The start of May saw Ofgem announce investigations into six energy companies in respect of compliance with energy efficiency requirements. The Ofgem website refers to the companies as British Gas, Scottish Power, SSE, Intergen, Drax, and GDF Suez/IPM Power.[1]  For all six companies the issue is whether they have complied with their obligations under the Electricity and Gas Community Energy Saving Programme Order 2009. The CESP programme was designed to improve domestic energy efficiency standards in the most deprived geographical areas.  Additionally, British Gas is being investigated as regards its obligation under the Electricity and Gas Carbon Emissions Reduction Target Order 2008.  Both the CERT and CESP programmes concluded at the end of 2012 and the new investigations follow the submission of the final reports on each programme to the Secretary of State.

The targets were not missed by much and indeed SSE has stated that its failure is not to meet the targets but rather that it was unable to verify and report the delivery of some of the obligations, namely the Priority Group and Super Priority Group to Ofgem before the December 31 cut-off date.[2] British Gas says that it exceeded the CERT targets but narrowly missed the deadline, and was prevented from carrying out all the work to meet the CESP targets because of harsh winter weather conditions.[3]

However, that did not stop Energy Minister Ed Davey issuing a clear warning to energy companies:  “I am disappointed that under the old schemes, some companies failed to meet their obligations. Ofgem will be conducting a thorough investigation and will take any necessary enforcement action. We are already acting through the Energy Bill to give Ofgem the teeth it needs in future to get compensation to those directly affected.”[4]  This will undoubtedly be seen as having serious implications for companies just embarking upon compliance with the Energy Company Obligation under the new Green Deal (the Electricity and Gas (Energy Companies Obligation) Order 2012).[5] The reference by the Minister to “compensation” in his comments presumably refers to the proposed powers in cl. 126 and Schedule 14 of the Energy Bill to allow financial redress to customers suffering loss, damage or inconvenience as a result of contravention by the energy company of any relevant requirement.  In fact more to the point is the power of Ofgem to fine companies for non-compliance, a power which in principle could result in very large penalties.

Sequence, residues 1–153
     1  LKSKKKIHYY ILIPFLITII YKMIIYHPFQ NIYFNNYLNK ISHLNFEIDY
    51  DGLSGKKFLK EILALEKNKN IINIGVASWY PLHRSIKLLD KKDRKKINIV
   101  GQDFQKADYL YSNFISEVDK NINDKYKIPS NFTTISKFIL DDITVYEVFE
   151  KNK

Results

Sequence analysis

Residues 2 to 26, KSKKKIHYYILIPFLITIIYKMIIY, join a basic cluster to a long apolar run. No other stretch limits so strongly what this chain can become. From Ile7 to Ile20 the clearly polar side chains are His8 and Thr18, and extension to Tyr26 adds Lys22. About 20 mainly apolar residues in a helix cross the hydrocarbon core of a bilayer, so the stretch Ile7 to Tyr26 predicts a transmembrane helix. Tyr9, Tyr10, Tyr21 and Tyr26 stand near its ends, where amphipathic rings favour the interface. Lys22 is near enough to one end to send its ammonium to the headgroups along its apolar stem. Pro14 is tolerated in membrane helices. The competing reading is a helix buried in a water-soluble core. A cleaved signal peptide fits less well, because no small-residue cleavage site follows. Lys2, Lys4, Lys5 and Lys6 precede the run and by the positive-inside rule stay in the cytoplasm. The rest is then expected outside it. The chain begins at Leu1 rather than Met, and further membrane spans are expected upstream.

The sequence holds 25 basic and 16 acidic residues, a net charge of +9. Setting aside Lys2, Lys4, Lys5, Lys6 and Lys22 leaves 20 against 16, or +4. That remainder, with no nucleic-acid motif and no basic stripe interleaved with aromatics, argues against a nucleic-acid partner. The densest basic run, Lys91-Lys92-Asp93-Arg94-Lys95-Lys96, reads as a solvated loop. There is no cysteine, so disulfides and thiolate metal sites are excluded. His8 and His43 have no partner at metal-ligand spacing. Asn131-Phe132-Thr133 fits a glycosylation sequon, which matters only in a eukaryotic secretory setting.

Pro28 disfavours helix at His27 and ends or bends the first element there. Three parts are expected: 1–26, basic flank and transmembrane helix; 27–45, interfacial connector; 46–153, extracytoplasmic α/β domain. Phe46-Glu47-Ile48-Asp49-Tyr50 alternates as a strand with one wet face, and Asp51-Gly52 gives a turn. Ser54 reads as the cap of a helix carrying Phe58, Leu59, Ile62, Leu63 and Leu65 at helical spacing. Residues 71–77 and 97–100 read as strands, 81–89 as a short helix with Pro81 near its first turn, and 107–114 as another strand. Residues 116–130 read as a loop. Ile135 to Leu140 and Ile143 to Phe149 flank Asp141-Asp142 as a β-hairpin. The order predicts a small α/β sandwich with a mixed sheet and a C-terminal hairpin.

The ECO is an unusual obligation in that it may lead to the energy company incurring such fines for failure to achieve outcomes which are very much dependent on actions of third parties, those delivering the necessary energy efficiency improvements to homes, and the home-owners willing to take up those measures – particularly since retrofitting existing homes may be inconvenient and intrusive for the occupants.  Already we are starting to see the major energy companies seeking to strike early deals with social landlords, housing associations and councils to get ahead.[6]  Expect more of this, and careful scrutiny by those companies of the CERT and CESP investigations and their outcome, which could be the overture to a much bigger event when the reckoning comes under ECO.